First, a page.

Luam Melake Weaves Tapestries from Latex, Rubber, Memories, and More
Using an impressive range of materials from the industrial to the ephemeral, New York–based Luam Melake creates evocative wall-hangings and sculptural works that draw from personal experience and her multi-layered Black-American, Eritrean, and Ethiopian background. Her sculptures uncannily feel as if they have a life of their own, by design and in material. In Talismanic Quilt (2020), Melake borrows from the West African tradition of sewing personal objects into one’s clothing as an amulet that draws good energy and propels the wearer toward positivity. Quilted together from scraps of Melake’s well-worn clothing, the tapestry features bulky sections of personal objects (seashells collected on a beach in Senegal, breaded bracelets from a cousin in Ethiopia, a Japanese cat figurine, crystals, movie ticket stubs) wrapped like precious presents in latex and string and then shrink-wrapped in plastic. The work feels confessional and vulnerable, and at the same time, protective and talismanic, as the title indicates. Appearing like a cross between an El Anatsui assemblage wall-hanging and an Eva Hesse latex skin work, Necessary Divisions (2019) evokes intimacy. Handwritten messages and painterly marks are hidden on the reverse of the woven latex wall hanging, like a tattoo on skin. Just as one slowly becomes acquainted with a friend or lover, these marks will be revealed as the work grows more translucent with time.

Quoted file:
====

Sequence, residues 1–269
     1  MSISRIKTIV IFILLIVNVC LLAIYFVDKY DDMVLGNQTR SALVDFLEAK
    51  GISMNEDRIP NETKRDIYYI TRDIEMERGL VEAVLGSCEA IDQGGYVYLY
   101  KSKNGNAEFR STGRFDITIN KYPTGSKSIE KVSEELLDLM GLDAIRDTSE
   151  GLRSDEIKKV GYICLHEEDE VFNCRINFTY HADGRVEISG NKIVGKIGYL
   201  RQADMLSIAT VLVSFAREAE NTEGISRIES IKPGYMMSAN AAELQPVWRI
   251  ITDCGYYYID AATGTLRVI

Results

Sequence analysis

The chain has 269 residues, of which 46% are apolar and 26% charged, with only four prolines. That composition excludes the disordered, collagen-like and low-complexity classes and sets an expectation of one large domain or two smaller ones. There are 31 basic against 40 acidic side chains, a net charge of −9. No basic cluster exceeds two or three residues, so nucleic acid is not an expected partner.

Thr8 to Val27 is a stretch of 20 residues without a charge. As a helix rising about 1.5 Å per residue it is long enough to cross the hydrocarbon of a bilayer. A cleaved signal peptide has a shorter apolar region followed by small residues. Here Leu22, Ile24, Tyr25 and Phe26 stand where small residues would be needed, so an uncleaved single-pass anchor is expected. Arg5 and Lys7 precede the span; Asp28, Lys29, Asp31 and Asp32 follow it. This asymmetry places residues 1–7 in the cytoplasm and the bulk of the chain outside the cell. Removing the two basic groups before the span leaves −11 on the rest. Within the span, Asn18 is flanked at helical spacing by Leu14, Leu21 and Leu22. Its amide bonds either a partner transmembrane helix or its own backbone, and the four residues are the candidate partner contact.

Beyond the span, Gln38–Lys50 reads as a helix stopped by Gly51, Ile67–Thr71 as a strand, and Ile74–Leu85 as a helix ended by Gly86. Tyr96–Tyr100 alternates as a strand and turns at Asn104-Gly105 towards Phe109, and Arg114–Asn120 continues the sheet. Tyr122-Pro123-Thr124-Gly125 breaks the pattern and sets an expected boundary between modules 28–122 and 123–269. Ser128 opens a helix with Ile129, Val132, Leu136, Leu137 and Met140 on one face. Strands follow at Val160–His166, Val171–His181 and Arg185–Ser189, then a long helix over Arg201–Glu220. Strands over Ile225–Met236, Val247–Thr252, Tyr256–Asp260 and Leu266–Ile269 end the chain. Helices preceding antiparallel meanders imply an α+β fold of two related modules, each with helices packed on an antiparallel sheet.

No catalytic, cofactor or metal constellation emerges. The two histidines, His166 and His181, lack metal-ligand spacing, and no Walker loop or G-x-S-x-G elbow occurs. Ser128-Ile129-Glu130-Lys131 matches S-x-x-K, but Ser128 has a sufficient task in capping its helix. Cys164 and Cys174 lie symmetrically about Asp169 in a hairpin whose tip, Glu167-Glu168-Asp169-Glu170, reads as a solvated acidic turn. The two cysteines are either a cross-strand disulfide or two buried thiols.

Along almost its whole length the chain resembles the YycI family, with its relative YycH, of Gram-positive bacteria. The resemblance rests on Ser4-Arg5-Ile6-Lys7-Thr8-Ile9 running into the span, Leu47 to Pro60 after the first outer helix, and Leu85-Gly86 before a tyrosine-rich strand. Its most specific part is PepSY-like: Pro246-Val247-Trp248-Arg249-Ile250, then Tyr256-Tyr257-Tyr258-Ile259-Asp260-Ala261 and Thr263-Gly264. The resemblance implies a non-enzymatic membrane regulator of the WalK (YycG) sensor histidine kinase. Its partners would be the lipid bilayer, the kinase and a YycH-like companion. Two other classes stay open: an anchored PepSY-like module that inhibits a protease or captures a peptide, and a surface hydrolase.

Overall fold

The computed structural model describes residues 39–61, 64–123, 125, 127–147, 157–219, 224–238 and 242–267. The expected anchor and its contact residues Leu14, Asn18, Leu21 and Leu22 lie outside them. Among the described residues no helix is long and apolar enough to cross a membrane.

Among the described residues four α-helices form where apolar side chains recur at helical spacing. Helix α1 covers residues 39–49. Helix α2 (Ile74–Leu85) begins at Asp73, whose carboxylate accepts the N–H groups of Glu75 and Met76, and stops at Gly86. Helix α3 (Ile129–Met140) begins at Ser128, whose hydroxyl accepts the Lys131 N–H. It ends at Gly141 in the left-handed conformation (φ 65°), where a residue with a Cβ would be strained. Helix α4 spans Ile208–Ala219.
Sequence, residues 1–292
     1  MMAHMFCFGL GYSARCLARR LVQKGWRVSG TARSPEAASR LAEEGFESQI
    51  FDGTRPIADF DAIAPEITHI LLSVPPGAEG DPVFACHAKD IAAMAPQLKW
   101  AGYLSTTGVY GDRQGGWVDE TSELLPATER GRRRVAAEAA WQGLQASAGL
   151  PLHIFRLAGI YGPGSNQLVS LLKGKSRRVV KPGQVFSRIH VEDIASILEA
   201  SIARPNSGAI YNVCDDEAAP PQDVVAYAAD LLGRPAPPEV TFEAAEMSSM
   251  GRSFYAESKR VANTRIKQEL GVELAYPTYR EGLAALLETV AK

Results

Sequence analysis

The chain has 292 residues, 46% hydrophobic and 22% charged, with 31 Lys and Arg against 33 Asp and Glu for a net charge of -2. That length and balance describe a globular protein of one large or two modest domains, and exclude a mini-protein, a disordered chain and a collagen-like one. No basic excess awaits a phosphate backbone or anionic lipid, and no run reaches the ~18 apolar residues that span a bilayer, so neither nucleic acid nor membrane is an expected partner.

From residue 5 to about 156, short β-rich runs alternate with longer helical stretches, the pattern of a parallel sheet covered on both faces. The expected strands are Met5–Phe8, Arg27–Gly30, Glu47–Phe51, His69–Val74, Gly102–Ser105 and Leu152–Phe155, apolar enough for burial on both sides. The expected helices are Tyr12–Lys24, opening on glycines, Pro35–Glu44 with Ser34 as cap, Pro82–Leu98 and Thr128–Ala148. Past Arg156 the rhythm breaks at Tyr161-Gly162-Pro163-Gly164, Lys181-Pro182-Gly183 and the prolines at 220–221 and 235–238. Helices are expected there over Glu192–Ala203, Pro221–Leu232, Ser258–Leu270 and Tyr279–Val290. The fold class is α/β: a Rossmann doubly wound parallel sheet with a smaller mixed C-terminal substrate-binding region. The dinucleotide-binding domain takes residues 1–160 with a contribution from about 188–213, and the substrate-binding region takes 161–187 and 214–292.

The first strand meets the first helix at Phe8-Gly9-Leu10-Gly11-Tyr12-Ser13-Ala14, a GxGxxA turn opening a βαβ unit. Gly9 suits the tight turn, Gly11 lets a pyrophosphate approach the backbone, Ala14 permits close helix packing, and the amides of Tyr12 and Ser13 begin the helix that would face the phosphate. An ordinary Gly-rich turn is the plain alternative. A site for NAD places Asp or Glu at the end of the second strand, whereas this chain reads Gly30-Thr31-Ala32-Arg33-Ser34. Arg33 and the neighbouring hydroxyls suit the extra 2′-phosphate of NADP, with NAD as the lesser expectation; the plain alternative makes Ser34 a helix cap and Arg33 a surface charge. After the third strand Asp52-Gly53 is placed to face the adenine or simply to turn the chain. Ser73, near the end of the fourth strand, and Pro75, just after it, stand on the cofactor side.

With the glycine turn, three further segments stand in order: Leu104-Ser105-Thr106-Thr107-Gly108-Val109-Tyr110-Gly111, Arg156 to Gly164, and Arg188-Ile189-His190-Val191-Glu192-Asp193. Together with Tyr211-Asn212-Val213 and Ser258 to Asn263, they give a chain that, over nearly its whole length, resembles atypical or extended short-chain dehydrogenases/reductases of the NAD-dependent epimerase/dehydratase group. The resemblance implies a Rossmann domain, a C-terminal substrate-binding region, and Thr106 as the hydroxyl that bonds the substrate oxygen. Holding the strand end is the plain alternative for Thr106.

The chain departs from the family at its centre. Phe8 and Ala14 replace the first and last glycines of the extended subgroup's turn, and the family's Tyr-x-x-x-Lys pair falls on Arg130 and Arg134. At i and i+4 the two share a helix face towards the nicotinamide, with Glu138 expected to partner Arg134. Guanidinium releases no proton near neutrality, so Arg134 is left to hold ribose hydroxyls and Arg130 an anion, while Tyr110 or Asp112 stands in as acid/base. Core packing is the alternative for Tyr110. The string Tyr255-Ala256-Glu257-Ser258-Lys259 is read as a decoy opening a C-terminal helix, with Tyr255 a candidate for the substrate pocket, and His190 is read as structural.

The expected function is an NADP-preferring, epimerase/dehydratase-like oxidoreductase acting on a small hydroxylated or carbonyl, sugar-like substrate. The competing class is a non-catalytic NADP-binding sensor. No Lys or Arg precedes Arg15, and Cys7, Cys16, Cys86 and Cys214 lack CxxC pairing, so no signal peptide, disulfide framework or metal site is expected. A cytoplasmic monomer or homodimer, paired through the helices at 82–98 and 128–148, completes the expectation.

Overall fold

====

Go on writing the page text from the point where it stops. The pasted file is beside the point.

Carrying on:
Outpouring (2020) is reminiscent of the coiled textile works of Sheila Hicks, but Melake’s work utilizes industrial rubber tubing, cinched together at the center with nylon string. The expressionistically painted ends of the tubes flop down like freeform locs or traditional hairstyles worn by Ethiopian women. Melake also references Black hair and hoodies — both simple adornments that have been demonized by dominant white culture — in Black (2017). Curly pelts of Persian lambswool allude to tightly coiled Black hair, while a black hoodie string interlaces through asphalt and vinyl.
Melake also produces furniture with the minimal, modular sensibility of Andrea Zittel and Donald Judd. With names like Listening Chair and Better Together (both 2019), they propose a utopianism in the utilitarian. With a background in architecture and design and a vast knowledge of materials, Melake’s visual language is redolent with human emotion and the narratives and relationships with objects and people that punctuate our lives.